|The Pure Self - One who is untainted by the effects of karma, good or bad. pUta AtmA yasya saa pUtAtmA -
One who has the pure Atma is pUtAtmA.
Our Atmas reap the fruits of the actions that we are involved in because of their association with our body. BhagavAn is also associated with the same bodies since we are all extensions of His body. However, He is Pure Atman because He is not affected by the fruits of the association with the bodies.
Sri Bhattar gives a very simple example to make this point. A
teacher uses a stick to
strike a student. Both the teacher and the student come in contact with the same stick, but the pain of
association with the
stick is felt by the student, but not by the teacher. So also,
even though both the Lord
and the jIvAtmans are associated with the bodies of
the jIvAtmans, the Lord is not affected by the fruits of the
actions of the jIvAtmans.
In the Gita, Sri KrshNa says: "na mAm karmANi lipanti" - actions do not taint me.
Also, the sruti says: shubhAshubhah karmabhiryo na lipyati kadAcana - never tainted by actions, good or bad.
The Supreme Soul - for whom there is no other guiding or superior soul
paro mA asya saa AtmA paramAtmA -
All of us have Him as our inner soul, but BhagavAn has no one as
His inner Soul that guides Him. There is no one superior to Him.
Sri Eknath Easwaran refers to what Lord Krishna says in the Gita:
"na param puNdarIkAkshAt drsyate bharatarshabha" -
vishNurnAma sarva-vedeshu vedAnteshu ca gIyate || (VishNu purANa 6.4.10)
The Isvara above all Isvaras, the paramAtmA who is the supporter of every being,
is sung by all vedas and vedantas as Lord VishNu.
One who is the ultimate goal for all muktas or released or liberated souls.
Muktas are those who are already released from all bondage, and enjoy every bliss that the BhagavAn has. They have equality with God in the enjoyment of this Bliss. The goal that such a mukta longs for at this stage is to constantly serve the Lord, and thus the Parama purusha is muktAnAm-paramA-gatih.
The muktas are .compared to those who reside in the celestial world, the sveta dvIpa. They have no needs such as food, no wants, no desires, etc. For these people who have accomplished everything and who are equal to God in their enjoyment of bliss, the one goal that is of interest is the unceasing servitude to God, and thus God is the Supreme and Ultimate Goal for the muktas.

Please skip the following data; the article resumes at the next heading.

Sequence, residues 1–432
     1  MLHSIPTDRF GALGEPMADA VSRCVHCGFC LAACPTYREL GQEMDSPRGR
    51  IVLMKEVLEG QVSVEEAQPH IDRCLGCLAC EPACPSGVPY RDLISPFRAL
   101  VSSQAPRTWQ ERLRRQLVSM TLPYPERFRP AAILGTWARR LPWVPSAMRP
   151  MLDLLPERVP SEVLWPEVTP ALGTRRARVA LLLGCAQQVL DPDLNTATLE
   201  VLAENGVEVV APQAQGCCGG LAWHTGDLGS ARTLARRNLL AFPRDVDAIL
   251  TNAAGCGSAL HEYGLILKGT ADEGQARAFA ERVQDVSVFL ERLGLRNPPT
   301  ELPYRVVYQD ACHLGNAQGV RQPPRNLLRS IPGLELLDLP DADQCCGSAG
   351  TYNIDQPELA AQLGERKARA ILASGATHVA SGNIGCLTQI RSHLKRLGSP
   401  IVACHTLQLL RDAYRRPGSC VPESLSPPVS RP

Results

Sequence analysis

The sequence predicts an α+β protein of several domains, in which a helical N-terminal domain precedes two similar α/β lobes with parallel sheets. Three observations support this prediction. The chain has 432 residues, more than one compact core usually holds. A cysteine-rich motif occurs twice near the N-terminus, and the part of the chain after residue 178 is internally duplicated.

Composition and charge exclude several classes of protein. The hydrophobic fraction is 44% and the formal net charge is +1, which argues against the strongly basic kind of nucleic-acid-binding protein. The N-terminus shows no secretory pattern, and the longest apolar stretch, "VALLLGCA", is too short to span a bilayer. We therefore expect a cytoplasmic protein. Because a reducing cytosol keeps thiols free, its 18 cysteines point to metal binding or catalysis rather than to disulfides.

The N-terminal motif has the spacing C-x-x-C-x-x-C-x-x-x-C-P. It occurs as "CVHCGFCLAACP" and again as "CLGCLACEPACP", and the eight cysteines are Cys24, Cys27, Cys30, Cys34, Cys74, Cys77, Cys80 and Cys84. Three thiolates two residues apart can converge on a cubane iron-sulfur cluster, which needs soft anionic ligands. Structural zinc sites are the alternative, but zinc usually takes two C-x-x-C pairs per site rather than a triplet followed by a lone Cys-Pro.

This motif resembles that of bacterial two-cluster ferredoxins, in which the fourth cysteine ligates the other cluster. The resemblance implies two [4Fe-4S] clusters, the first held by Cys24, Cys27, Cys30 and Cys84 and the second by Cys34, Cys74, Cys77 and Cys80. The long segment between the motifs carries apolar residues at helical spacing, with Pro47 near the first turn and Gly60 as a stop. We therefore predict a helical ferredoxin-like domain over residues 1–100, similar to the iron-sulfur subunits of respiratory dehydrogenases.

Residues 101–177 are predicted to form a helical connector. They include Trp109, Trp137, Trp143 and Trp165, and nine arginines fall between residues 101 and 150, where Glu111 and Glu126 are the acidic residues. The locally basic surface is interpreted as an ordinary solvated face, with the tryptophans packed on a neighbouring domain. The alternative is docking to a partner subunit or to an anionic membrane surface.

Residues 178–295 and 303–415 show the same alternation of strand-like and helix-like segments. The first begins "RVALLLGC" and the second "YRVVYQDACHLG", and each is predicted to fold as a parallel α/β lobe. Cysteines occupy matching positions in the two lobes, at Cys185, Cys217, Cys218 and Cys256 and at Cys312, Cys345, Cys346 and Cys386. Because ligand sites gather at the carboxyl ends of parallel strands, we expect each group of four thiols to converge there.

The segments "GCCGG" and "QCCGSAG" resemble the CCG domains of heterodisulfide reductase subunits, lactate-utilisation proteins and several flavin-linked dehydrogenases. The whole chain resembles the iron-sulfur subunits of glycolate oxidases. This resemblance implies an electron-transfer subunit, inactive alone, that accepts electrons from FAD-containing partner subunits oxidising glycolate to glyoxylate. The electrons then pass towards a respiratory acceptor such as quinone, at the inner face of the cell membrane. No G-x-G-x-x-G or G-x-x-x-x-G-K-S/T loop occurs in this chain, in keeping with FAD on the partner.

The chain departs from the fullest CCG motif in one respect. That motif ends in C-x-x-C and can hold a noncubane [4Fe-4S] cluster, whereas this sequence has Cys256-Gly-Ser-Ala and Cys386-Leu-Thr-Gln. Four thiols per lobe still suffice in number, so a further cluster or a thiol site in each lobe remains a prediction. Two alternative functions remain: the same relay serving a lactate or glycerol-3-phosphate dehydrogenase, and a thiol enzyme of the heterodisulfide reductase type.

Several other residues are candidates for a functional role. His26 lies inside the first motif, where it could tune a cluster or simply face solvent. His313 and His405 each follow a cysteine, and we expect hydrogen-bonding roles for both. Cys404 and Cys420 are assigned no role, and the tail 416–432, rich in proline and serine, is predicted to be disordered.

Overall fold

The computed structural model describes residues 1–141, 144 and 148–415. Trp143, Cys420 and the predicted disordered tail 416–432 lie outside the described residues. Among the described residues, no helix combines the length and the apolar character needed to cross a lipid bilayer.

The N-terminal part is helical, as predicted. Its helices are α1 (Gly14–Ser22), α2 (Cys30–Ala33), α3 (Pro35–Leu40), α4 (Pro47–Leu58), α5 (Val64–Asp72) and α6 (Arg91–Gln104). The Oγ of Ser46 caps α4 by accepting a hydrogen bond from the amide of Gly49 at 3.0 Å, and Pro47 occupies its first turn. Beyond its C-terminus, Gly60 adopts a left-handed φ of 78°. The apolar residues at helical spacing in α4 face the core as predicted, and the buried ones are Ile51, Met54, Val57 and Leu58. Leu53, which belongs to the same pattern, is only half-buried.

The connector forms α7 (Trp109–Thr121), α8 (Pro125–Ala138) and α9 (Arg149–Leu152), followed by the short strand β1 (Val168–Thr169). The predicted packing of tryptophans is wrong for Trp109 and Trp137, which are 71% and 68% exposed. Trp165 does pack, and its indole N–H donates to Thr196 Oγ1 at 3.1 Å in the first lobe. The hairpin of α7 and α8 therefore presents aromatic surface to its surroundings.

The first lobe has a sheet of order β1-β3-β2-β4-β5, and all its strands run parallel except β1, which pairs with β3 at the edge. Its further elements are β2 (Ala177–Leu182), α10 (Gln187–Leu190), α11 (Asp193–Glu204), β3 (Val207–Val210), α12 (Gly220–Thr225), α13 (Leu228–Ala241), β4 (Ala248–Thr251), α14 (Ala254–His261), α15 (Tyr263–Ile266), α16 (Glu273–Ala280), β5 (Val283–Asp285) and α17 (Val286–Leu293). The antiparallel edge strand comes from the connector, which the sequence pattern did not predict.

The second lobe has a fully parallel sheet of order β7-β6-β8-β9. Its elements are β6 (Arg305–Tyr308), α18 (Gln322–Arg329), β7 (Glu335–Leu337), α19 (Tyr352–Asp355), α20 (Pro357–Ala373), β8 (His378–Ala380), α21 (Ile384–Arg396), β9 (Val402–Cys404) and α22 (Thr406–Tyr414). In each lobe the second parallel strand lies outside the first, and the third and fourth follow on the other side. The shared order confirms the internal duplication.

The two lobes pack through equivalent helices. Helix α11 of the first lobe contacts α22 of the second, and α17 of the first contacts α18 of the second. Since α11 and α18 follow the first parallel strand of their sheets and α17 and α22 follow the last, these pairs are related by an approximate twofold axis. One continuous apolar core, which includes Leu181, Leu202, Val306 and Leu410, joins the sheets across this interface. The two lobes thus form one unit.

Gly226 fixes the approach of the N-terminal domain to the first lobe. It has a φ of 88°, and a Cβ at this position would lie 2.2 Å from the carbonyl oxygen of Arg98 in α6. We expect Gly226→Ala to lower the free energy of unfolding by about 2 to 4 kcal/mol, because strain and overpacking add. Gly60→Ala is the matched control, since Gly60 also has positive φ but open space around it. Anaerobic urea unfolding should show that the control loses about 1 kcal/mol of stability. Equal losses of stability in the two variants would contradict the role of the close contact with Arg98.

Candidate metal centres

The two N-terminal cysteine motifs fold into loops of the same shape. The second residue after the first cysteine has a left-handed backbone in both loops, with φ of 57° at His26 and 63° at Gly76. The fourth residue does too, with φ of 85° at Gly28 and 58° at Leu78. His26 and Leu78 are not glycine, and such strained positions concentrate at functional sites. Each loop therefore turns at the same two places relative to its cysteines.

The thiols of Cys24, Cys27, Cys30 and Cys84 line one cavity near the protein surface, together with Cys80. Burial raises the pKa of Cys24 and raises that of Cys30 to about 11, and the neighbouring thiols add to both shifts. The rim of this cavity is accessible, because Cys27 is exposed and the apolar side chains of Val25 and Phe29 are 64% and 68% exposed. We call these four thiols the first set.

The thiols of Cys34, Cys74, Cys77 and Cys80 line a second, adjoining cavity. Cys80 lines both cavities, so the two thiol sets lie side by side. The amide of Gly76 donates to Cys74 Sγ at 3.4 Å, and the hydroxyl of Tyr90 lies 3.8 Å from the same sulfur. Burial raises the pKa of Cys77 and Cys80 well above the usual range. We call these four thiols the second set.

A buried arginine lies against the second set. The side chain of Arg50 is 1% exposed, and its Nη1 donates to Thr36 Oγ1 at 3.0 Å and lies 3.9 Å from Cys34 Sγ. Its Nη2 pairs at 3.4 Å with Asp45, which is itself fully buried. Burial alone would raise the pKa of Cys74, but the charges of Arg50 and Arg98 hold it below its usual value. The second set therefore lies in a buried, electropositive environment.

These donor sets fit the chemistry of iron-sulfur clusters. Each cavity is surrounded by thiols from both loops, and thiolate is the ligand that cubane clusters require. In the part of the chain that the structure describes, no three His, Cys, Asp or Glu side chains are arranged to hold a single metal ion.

ParamA gati is the goal, after attaining which you won't desire
anything else. In other words, this is the limit of the goal .
Normally, the nature of any goal is such that if you attain .that
goal, then you will want to attain the next higher goal. This is not
the case with paramA gati.
Some pramANas from the srutis are the following:
Sri Bhattar interprets the next five names (13 to 17) in terms of why the muktAs
choose BhagavAn as their Supreme goal. It should be noted that Sri
Bhattar's vyAkhyAna weave a thread of continuity in the sequence of
the names occurring in the stotram, and for this reason Sri Bhattar
extends the interpretation to levels beyond what is etymologically
derived from the word. Relatively speaking, Sri Sankara seems to more
strictly adhere to the literal meaning of the word in his vyAkhyAna.
Of course, there are also the inevitable differences in interpretation
because of the visishtAdvaita vs. advaita philosophies. The reasons for the muktAs choosing Sri MahA VishNu as their Supreme
a) One who does not send back anyone who has reached Him to the
cycle of birth and rebirth .(Sri Bhattar)
Sri Bhattar's vyAkhyAna -
na vIyate - na vyapagamyate iti avyayah - He is avyaya because He does not send them back (to samsAra)
.In the Yama Smrti, we find the following:
"sattvam vahati sUkshmatvAt param nArAyaNam prabhum |
The Mukta bears a body of pure and subtle sattva and attains the Supreme Lord nArAyaNa. Once he reaches the Supreme Lord in the supreme VaikuNTha, he becomes fit for immortality and is not returned back to this world any more.
Sri Sankara's vyAkhyAna -